2. Don't you understand? 1870 was the New Pentecost. You are a heretic for not going along with the Spirit of Vatican I.

  3. "Perhaps my aversion to post-'56 Holy Week arises from my own, utterly correct, understanding of Catholic Tradition rather than blind obedience to the wayward tendencies of the modern Papacy."

    This is a good example of where you go wrong. Do ANY of us really have an "utterly correct" understanding of big T tradition such that we can sit in actual judgement of the Magisterium or even the Pope himself? When does proper criticism of the hierarchy (which, of course, is legitimate) become mere lashing out or ivory tower whining? With some of your posts of Pius XII, I'm sorry, but you just come off as a pouting child. He might have made some less than perfect decisions (popes, even, are human after all) but he was our "sweet Christ on earth" and was, at the very least you must admit, by all accounts personally pious and holy.

    Most of your criticisms are on the mark, but you have to realize that there is principle and then there is reality. In the real sloppy, messy, illogical world those of us who have seen beyond will always be frustrated with having to put up with the burden of the gift of a certain knowledge of things (i.e. liturgy) while seemingly the whole world happily chugs along with markedly inferior things we know should never have happened and yet they are tickled pink that they have their little scrap of "tradition" or whatever it may be. Its frustrating on any end, those who are tickled with the '62 books, those who are tickled with a "traditionalized" NO, etc. etc.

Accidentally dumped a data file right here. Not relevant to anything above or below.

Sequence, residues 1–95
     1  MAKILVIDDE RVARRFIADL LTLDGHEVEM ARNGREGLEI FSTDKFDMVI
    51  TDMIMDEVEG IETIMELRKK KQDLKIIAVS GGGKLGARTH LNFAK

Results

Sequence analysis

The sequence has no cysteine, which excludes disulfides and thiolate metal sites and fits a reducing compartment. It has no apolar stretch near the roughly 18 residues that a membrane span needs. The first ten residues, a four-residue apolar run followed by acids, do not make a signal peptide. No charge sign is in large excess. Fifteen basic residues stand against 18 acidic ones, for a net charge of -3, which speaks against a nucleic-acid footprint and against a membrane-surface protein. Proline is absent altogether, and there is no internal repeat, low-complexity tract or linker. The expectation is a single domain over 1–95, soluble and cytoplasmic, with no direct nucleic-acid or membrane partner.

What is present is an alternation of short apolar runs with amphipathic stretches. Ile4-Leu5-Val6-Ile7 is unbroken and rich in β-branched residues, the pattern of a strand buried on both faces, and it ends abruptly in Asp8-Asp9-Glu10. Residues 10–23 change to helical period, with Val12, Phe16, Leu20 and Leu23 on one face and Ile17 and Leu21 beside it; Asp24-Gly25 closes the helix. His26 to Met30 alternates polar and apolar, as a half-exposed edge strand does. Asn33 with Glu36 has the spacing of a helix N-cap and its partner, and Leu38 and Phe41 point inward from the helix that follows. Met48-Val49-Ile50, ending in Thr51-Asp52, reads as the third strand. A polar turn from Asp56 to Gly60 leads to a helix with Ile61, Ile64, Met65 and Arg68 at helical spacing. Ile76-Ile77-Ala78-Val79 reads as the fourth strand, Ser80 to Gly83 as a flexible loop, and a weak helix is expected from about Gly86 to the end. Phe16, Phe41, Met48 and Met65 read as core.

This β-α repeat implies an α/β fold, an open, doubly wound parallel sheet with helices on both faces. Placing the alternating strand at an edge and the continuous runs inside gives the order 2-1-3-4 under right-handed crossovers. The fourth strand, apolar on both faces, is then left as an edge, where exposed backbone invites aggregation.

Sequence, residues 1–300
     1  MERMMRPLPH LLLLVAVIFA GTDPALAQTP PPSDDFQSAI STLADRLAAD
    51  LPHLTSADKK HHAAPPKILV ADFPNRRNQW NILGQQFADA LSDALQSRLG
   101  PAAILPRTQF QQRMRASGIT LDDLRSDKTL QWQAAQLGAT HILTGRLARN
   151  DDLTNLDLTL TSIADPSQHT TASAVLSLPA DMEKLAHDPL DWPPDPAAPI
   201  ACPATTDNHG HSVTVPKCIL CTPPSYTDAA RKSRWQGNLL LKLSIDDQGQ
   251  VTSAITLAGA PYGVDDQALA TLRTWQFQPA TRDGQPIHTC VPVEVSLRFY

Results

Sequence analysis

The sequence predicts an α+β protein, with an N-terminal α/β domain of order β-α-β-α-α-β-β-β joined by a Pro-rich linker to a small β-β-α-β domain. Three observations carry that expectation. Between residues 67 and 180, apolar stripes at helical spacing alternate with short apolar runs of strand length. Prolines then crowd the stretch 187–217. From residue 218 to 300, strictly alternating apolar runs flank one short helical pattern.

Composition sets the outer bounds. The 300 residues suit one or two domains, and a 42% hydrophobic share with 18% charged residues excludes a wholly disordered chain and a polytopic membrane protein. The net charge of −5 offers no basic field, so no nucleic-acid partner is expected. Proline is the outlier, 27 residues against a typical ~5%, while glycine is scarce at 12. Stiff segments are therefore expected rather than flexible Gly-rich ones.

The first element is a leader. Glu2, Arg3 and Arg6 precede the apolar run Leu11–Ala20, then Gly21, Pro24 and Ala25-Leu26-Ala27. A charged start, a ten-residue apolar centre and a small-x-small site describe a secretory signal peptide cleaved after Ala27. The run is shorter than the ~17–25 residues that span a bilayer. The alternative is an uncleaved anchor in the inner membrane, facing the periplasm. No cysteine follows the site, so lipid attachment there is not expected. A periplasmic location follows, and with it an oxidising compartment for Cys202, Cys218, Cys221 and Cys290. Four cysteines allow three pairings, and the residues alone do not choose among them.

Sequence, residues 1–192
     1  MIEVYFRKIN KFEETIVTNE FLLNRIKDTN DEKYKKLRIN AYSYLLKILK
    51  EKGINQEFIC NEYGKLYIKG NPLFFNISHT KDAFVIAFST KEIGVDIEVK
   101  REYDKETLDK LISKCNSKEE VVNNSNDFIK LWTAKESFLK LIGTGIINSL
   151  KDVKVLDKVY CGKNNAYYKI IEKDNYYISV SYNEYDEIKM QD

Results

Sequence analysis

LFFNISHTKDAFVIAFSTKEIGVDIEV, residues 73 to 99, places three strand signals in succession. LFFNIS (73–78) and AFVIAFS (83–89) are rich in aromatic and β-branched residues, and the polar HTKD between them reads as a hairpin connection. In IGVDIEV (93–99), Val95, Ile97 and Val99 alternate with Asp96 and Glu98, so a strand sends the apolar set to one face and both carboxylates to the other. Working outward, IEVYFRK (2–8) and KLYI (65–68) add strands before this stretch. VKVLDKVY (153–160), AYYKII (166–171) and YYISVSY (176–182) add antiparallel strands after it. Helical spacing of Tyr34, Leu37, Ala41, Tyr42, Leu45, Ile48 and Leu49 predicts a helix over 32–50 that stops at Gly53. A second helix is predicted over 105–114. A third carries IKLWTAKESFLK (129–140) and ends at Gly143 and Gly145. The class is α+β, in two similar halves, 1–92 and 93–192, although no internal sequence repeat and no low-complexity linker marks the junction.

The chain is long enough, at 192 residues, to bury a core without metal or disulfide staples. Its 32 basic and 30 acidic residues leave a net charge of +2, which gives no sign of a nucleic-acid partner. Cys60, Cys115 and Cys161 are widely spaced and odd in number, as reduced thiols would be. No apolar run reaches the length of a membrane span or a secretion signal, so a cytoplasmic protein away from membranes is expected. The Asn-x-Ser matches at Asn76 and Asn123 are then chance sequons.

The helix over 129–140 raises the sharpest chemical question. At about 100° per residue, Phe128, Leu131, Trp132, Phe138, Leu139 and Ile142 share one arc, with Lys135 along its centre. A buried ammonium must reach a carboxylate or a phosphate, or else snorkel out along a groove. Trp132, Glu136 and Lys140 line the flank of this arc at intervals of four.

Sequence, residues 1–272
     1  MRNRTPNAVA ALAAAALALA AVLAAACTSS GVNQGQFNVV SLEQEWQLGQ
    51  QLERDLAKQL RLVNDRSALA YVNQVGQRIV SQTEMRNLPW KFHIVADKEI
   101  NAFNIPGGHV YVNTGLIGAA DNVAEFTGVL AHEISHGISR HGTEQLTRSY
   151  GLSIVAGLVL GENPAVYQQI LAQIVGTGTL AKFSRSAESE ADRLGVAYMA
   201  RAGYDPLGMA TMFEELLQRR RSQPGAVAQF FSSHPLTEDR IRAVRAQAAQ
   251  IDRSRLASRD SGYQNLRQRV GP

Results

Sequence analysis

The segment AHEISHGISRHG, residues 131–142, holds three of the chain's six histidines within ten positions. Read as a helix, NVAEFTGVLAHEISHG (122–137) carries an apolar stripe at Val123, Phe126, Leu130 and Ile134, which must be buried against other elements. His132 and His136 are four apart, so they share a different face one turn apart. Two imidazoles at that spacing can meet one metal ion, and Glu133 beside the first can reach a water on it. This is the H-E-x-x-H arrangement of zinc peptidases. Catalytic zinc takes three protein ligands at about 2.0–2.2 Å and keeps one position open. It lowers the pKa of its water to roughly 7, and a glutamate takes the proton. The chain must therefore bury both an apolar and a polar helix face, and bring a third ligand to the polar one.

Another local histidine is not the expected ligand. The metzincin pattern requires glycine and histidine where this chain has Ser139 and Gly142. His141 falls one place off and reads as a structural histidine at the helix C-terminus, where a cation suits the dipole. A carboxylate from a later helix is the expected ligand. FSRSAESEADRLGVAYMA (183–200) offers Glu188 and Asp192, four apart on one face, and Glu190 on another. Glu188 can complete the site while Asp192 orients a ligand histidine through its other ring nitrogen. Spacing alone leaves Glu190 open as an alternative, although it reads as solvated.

I've been very much in favor of going "beyond '62" but at least with that we have some sanity. We sometimes have to accept what we have in the moment knowing that it could very well be worse and also that it could very well be better in Perfectland. There is a point when even legitimate grievances pull you away from our real task on earth. Are there some special indulgences I am unaware of available for hating lace and Low Mass and bashing Pius XII?

  4. Why do posts such as these always attract the most comments whereas the one I wrote yesterday is left alone...I thought it was very thoughtful.

    Canon Jerome, neither the Immaculate Conception nor the Assumption are Papal novelties in the proper sense. My objection to Munificentissimus Deus is the fact that Old Pius reversed the Lex Orandi by proclaiming the dogma, and created new propers for the feast - thereby divorcing himself, and the rest of the Catholic Church, from the ancestral Liturgy for the Assumption - the whole doctrinal clarity versus ancient Liturgy scenario strikes again. The notion of Papal Infallibility is indeed an innovation, unbeknown to the Early Church (even the Medieval Papacy), but the ''development of doctrine'' just explains that away. Roma locuta est, causa est finita...

    Han, the spirit of Vatican I has another name you know - Catholic Traditionalism.

    Andrew, as far as sitting in judgement of the Magisterium goes - it maybe the part of lay people to rebuke the folly of those who go astray and take a sizeable portion of Catholics with them. Were it not for lay people under Henry VIII, who salvaged many liturgical instruments and works of art, Queen Mary might not have been able to restore Catholicism so speedily as she did. It is very often the case that lay people have more savvy than those in charge. I am such a person, of course.